Quantcast Opens Exabyte-Ready File System
When ingesting data volumes that tip the multi-exabyte per year scales, even the most notorious, robust systems for managing scale can start to crumble under their own weight. When the cost and complexity of this volume mount, what’s a growing company to do but look beyond the buzz for its own solutions?
Late last week, audience measurement and targeting giant Quantcast proved its big data user chops when it announced a new open source file system that they think presents a formidable alternative rival to the much-discussed Hadoop Distributed File System (HDFS).
The release, called QFS 1.0, was purpose-built to address key limitations of HDFS the team encountered as they scaled exponentially.
When we spoke about growing data volume and scaling limitations with the company’s CEO, Konrad Feldman, last week, he noted that Quantcast is in the business of addressing something in the ballpark of billions of records each month. While they have separate clusters to handle the real-time angle to their business model, the Hadoop clusters that handle the critical batch functions have always served as the foundation for their capabilities.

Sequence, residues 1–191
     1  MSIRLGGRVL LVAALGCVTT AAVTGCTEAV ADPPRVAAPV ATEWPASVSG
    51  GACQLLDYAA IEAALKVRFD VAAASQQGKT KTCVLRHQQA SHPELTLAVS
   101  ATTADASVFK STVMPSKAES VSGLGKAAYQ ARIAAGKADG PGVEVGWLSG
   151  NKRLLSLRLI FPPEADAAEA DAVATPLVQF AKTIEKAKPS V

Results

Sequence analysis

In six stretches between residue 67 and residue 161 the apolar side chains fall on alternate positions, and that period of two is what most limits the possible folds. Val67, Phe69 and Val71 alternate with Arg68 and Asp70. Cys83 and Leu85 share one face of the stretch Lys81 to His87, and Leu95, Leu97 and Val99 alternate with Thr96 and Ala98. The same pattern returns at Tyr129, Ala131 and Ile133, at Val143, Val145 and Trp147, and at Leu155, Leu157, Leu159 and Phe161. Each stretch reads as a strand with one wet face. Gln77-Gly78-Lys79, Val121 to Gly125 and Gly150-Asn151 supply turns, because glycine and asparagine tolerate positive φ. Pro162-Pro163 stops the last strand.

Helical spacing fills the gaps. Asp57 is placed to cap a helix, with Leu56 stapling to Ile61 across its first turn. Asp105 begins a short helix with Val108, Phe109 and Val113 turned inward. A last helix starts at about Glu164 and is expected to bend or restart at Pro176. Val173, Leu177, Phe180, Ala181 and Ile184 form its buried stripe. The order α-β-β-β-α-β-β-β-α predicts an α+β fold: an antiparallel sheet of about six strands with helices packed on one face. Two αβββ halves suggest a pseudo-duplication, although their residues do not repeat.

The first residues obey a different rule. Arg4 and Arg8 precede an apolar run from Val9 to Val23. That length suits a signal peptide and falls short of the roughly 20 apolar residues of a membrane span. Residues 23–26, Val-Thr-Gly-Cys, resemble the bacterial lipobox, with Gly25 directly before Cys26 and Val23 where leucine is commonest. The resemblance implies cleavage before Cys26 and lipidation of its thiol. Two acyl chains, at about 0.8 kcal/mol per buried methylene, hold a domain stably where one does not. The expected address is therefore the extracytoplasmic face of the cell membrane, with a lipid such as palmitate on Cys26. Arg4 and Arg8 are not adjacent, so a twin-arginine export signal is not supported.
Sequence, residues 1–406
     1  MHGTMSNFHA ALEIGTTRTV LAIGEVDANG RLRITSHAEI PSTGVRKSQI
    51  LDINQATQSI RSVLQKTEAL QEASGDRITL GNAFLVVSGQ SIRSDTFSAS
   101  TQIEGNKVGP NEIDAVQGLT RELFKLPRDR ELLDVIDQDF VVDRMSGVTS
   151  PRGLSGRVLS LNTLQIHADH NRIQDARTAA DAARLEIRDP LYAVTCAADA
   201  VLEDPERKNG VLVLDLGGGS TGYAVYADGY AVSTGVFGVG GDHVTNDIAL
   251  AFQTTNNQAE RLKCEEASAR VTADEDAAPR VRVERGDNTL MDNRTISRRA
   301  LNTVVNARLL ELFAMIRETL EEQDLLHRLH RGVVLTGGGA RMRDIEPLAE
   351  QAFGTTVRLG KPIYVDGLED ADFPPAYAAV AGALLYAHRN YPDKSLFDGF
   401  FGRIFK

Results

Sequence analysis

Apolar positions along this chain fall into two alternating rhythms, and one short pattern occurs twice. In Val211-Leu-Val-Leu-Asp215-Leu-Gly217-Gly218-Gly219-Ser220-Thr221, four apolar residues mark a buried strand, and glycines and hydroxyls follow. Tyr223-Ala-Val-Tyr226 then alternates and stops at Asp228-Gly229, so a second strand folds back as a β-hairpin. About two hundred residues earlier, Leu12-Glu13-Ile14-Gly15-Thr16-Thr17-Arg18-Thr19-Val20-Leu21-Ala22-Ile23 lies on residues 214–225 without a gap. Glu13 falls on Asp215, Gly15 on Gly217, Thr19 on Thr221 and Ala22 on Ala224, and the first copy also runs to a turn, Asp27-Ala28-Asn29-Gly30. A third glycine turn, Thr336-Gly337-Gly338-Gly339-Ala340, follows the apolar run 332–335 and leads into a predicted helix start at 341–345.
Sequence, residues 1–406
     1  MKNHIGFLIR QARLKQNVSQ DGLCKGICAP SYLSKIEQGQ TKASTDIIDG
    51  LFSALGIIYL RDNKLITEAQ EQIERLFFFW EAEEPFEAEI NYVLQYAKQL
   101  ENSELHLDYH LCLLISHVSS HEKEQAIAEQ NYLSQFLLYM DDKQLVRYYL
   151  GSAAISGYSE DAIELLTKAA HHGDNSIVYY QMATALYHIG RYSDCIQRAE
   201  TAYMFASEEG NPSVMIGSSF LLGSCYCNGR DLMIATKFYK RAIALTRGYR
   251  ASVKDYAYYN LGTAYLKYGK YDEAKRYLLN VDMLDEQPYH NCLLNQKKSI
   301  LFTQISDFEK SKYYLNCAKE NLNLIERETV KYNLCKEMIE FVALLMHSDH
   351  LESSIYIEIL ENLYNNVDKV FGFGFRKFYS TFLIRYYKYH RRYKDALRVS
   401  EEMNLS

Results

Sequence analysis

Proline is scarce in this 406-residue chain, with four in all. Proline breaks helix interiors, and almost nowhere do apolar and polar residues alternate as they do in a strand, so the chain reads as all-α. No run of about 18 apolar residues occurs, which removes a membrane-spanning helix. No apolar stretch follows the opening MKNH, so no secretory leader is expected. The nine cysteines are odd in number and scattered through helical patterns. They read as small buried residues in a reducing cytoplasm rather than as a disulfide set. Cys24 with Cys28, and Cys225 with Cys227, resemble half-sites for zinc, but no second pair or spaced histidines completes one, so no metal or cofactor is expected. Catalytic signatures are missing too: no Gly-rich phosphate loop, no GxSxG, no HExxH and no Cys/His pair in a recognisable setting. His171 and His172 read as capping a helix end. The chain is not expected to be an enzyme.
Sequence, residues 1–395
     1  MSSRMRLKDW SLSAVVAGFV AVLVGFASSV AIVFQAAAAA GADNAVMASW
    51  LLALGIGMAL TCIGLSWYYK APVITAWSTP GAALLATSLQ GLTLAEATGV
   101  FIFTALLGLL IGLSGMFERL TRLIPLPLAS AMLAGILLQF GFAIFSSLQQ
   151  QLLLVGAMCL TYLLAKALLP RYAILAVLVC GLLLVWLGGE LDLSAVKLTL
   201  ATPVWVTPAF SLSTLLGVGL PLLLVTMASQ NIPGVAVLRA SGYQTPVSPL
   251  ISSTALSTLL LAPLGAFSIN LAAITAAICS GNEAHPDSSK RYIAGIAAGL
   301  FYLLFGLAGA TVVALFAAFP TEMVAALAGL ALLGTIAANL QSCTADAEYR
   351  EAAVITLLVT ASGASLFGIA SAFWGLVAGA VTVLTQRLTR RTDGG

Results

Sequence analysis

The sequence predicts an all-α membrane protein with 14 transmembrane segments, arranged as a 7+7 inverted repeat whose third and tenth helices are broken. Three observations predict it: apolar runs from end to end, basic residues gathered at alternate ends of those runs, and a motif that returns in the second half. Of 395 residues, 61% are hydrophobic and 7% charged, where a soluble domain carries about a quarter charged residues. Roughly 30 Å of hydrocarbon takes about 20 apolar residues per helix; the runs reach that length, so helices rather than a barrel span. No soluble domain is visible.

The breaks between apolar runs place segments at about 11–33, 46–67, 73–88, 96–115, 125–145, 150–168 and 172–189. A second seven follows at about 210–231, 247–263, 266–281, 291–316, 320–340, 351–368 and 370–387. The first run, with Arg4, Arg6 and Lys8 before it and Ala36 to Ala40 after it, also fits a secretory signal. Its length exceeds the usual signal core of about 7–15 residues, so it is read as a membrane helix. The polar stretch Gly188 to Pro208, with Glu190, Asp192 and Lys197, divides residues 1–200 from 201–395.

Quantcast’s business is big data, says Feldman, noting that they began working with Hadoop (and, of course, HDFS) since early 2006. As their ingested data volumes grew, however, he said they were forced into modifying traditional elements of the stack to improve performance and efficiency simultaneously. While the company leverages the Hadoop benefit of pure, inexpensive commodity hardware (10 GbE connected for the most part), their continuous need for growth demanded they look into tweaks that would result in savings at scale.
The company’s VP of Research and Development, Jim Kelly, drilled down the cost and performance tweak process and ultimate payoff—that is, for large-scale data clusters that are big enough that reduction in overall disk purchases would make a huge difference to the bottom line and would find it worth the disruption of shifting to a new file system (and could live without some features of HDFS like hot standby, for instance).